S has disappeared from Ruth and Leonard's home in Brighton. Suicide is suspected. The couple, who had been spying on their young lodger since before the trouble, begin to pour over her diary, her audio recordings and her movies - only to discover that she had been spying on them with even greater intensity. As this disturbing, highly charged act of reciprocal voyeurism comes to light, and as the couple's fascination with S comes to dominate their already flawed marriage, what emerges is an unnerving and absorbing portrait of the taboos, emotional and sexual, that broke behind the closed doors of 1950s British life.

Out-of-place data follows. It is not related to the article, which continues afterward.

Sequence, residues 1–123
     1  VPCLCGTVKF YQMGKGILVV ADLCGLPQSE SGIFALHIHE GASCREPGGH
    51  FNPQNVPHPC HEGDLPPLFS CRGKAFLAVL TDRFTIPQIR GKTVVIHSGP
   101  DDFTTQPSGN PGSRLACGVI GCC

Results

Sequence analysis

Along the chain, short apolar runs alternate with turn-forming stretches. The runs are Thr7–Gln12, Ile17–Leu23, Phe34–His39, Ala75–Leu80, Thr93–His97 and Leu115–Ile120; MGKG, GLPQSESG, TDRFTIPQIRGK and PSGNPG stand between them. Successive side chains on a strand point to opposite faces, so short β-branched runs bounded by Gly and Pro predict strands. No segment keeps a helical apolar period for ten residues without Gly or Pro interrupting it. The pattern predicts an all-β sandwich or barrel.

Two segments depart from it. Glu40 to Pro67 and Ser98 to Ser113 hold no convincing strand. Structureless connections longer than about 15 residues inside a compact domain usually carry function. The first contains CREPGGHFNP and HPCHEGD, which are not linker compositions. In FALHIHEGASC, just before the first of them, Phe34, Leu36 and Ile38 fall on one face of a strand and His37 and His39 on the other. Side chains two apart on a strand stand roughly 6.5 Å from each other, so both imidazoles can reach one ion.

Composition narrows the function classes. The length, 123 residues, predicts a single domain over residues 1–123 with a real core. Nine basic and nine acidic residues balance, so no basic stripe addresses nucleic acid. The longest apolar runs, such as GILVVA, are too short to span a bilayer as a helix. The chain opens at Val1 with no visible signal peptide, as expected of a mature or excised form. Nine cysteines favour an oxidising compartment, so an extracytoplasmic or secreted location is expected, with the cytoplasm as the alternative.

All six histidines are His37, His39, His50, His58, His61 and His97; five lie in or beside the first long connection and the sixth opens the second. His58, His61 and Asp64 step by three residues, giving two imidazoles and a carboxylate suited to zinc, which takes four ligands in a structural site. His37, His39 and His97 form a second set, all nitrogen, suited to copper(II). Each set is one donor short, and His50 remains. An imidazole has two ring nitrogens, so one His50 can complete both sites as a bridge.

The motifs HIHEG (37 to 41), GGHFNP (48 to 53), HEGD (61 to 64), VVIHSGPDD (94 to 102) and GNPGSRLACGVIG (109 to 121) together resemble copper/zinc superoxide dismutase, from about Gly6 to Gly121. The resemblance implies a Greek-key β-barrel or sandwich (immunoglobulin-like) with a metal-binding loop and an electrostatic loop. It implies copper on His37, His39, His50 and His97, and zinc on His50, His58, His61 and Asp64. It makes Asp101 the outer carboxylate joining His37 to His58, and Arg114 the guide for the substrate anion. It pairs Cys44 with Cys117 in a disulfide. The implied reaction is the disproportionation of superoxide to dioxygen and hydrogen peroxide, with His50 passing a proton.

About the Author
Ann Quin (1936-1973) was a working-class writer from Brighton, England. She was at the forefront of British experimentalism in the 1960s along with BS Johnson and Alan Burns. Prior to her death in 1973, she published four novels: Berg (1964), Three (1966), Passages (1969) and Tripticks (1972). A collection of short stories and fragments, The Unmapped Country (edited by Jennifer Hodgson), was published by And Other Stories in 2018. Quin's novel Berg was republished by And Other Stories in 2019, followed by Three in 2020.